[0012] According to another aspect of the present invention, there is provided a pointing device; a grip to be held by a user with at least one of his right and left hands; a hook on which the user, while holding the grip with at least one of his right and left hands, places the forefinger of that hand; and a base portion having the pointing device mounted on its upper surface and being mounted on an upper end of the grip such that it abuts on a side of the user's forefinger, which is placed on the hook, of at least one of the user's right and left hands holding the grip.

[0013] According to the present invention, the user may hold the grip with his right or left hand and place the forefinger of that hand on the hook. As a result, a base portion, which is mounted on the upper end of the grip, abuts on the side of the user's forefinger of the hand holding the grip. This allows the user to support the base portion with his forefinger while operating the pointing device mounted on the base portion. That is, the user can input a coordinate command into a computer while holding the signal input device with his hand, without requiring a platform such as a desk. Further, because the user can support the base portion having a pointing device with his forefinger, he can easily retain an adequate positional relationship between his fingers and the pointing device.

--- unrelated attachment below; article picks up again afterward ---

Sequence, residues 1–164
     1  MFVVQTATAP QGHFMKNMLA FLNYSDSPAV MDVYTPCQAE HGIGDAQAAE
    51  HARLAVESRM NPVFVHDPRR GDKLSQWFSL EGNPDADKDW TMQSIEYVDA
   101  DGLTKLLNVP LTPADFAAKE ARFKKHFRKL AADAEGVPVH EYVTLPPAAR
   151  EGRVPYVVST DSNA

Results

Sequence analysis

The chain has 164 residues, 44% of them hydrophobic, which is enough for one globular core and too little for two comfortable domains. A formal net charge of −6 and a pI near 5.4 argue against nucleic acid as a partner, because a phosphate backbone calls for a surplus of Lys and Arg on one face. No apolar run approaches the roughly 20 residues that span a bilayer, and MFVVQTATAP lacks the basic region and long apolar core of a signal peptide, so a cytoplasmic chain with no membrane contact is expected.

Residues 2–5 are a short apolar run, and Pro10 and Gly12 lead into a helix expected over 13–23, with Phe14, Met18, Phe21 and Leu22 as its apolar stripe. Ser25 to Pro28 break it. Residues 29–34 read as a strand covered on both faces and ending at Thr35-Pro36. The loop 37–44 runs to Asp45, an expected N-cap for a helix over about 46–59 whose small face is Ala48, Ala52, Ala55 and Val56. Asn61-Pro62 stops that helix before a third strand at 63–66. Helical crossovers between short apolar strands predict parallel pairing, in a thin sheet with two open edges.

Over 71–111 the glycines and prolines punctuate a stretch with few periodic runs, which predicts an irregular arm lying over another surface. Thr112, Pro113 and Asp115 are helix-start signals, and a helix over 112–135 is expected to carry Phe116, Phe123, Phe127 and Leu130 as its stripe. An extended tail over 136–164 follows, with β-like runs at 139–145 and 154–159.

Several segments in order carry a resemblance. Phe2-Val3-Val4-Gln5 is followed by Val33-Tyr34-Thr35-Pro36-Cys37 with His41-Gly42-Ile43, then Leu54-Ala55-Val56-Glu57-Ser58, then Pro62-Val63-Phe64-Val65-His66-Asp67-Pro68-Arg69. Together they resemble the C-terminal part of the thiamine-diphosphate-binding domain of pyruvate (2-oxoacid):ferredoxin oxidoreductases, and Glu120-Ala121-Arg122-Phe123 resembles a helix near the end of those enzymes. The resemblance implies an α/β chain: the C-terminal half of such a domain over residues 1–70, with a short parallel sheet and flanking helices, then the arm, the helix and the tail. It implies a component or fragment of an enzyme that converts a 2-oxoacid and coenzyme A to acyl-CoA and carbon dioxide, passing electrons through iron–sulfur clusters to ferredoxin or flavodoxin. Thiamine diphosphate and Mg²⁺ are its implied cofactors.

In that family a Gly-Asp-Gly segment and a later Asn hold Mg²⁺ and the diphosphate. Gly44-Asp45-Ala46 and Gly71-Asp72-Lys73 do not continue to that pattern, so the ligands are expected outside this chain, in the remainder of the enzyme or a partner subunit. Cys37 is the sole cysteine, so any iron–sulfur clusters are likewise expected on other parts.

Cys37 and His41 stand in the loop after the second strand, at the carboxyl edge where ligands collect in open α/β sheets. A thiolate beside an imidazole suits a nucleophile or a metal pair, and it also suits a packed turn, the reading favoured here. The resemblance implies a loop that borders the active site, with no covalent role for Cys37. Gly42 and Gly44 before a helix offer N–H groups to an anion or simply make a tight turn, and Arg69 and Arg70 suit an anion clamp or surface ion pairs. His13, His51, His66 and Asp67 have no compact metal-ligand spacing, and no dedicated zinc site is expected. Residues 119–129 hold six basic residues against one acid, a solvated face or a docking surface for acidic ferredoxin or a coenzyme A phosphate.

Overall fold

BRIEF DESCRIPTION OF THE DRAWINGS

[0014]FIG. 1 is a perspective view showing a gun-type game controller according to an embodiment of the present invention;

[0015]FIG. 2 is plan view showing the gun-type game controller;

[0016]FIG. 3 is a front plan view showing the gun-type game controller;

[0017]FIG. 4 is a left-side view showing the gun-type game controller;

[0018]FIG. 5 is a right-side view showing the gun-type game controller;

[0019]FIG. 6 is a bottom view showing the gun-type game controller; and

[0020]FIG. 7 is a perspective view showing an example of using the gun-type game controller.

DESCRIPTION OF THE PREFERRED EMBODIMENTS

[0021] The entire disclosure of the corresponding Japanese application 2001-280134 filed on Sep. 14, 2001 including specification, claims, drawings and summary, is incorporated herein by reference.

[0022] In the following, exemplary embodiments of the present invention will be described in detail with reference to the accompanying drawings.

[0023]FIG. 1 is a perspective view showing a gun-type game controller (a signal input device) according to an embodiment of the present invention. FIG. 2 is a plan view showing the same gun-type game controller. FIG. 3 is a front plan view showing the same gun-type game controller. FIG. 4 is a left-side view showing the same gun-type game controller. FIG. 5 is a right-side view showing the same gun-type game controller. FIG. 6 is a bottom view showing the same gun-type game controller. FIG. 7 is a perspective view showing an example of using the same gun-type game controller.